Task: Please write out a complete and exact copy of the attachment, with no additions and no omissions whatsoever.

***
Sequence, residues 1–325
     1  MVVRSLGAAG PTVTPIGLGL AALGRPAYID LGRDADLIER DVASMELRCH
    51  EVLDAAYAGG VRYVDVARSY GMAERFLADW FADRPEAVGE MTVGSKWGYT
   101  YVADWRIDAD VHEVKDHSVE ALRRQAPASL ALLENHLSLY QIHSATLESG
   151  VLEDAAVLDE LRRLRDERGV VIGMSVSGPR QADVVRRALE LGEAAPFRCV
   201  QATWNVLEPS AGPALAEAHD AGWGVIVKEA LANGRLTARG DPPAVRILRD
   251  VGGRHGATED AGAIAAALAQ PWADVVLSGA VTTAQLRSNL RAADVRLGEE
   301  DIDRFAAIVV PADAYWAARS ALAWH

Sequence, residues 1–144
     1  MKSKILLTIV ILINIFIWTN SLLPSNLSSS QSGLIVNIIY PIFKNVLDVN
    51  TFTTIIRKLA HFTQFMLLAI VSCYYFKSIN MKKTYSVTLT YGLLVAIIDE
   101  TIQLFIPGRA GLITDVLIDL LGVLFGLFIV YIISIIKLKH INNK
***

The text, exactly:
Sequence, residues 1–325
     1  MVVRSLGAAG PTVTPIGLGL AALGRPAYID LGRDADLIER DVASMELRCH
    51  EVLDAAYAGG VRYVDVARSY GMAERFLADW FADRPEAVGE MTVGSKWGYT
   101  YVADWRIDAD VHEVKDHSVE ALRRQAPASL ALLENHLSLY QIHSATLESG
   151  VLEDAAVLDE LRRLRDERGV VIGMSVSGPR QADVVRRALE LGEAAPFRCV
   201  QATWNVLEPS AGPALAEAHD AGWGVIVKEA LANGRLTARG DPPAVRILRD
   251  VGGRHGATED AGAIAAALAQ PWADVVLSGA VTTAQLRSNL RAADVRLGEE
   301  DIDRFAAIVV PADAYWAARS ALAWH

Sequence, residues 1–144
     1  MKSKILLTIV ILINIFIWTN SLLPSNLSSS QSGLIVNIIY PIFKNVLDVN
    51  TFTTIIRKLA HFTQFMLLAI VSCYYFKSIN MKKTYSVTLT YGLLVAIIDE
   101  TIQLFIPGRA GLITDVLIDL LGVLFGLFIV YIISIIKLKH INNK